I. Remembering names
We have all experienced the awkward moment of forgetting a name we should have remembered, in this article, we will go over five tips that will help you remember names more efficiently.
Memorizing names is a crucial aspect of a good memory, many of the most wealthy people in the world have acquired a habit of remembering people’s names, and you can learn this too; it is not as complicated as you think.
You just need to learn some simple tips and tricks that can be developed into habits.
Once you develop a good habit of remembering names, you will automatically allocate new names to memory. Mastering this skill will improve your personal and professional relationships.
This sounds obvious, but many people neglect to pay attention when hearing someone’s name, you will surely forget a name if you do not start with this simple principle.
In fact, none of the following tips will even matter if you do not start by paying attention. We have all been there; someone says their name, and we have almost instantly forgotten it.We are left wondering what their name was, and frustrated when we do not remember it.
We are left wondering what their name was, and frustrated when we do not remember it.
The problem in this situation is a lack of attention.
Paying attention to someone’s name is easier said than done, but if you get into the habit of paying attention to the moment the person presents themselves you will find it much natural to remember their name.
Repeat the name
We have already discussed that repetition helps us remember things, and the same goes for remembering names.
For example, you might reply, “Nice to meet you Alex,” that gives you a chance to rehearse that person’s name by repeating it.
One of the side benefits here is that you will find that people are more likely to pay attention to anything you have to say when you include their name in the conversation.
You may even repeat it again during the conversation, but you obviously don’t want to repeat it too often; otherwise you will come off as socially awkward.
Another way to get repetition is by quizzing yourself. When the person walks away, immediately question yourself to see if you can remember their name.Test yourself here and there throughout the day, and you will find that it gets easier each time because of the repetition, and the mental effort it takes to recall the name.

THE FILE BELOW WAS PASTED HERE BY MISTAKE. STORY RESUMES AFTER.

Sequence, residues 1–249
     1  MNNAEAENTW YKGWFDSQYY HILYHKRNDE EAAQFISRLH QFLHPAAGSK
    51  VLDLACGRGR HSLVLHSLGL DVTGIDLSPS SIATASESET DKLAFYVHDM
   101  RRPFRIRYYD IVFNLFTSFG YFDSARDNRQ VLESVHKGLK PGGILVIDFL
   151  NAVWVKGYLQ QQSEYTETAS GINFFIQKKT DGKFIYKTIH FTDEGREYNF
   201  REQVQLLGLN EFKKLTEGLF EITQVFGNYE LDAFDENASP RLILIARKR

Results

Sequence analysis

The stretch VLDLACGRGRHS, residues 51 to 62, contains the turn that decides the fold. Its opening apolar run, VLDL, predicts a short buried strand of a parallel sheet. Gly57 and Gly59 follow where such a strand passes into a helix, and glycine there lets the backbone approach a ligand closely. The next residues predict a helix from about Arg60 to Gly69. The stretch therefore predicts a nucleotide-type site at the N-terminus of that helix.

Test yourself here and there throughout the day, and you will find that it gets easier each time because of the repetition, and the mental effort it takes to recall the name.
When the person walks away, immediately question yourself to see if you can remember their name.
Make a connection to the name
You want to hook that name to something you already know. The way we learn new things is by associating new memories to those that already exist.You can make a connection to that person’s name by associating their name with someone you already know, or to someone that’s famous that has the same name.
You can make a connection to that person’s name by associating their name with someone you already know, or to someone that’s famous that has the same name.
Try to catch the following habit, when you hear someone’s name think to yourself, okay, John, same name as, and then think of a friend or celebrity you are familiar with, and try to imagine them standing next to that person.
Getting into this habit will help you connect the new name to someone you already know, and by picturing the celebrity or a friend of yours standing next to them, you are using visualization and location to remember that person’s name.
As we mentioned in earlier in our articles, human beings are exceptional at remembering visual information and location-based information.
Linking your first impression of the person to their name
Perhaps you noticed they are very energetic, or they are always smiling, find a way to combine your first impression to their name. An excellent way to do this is to come up with an adjective for the person.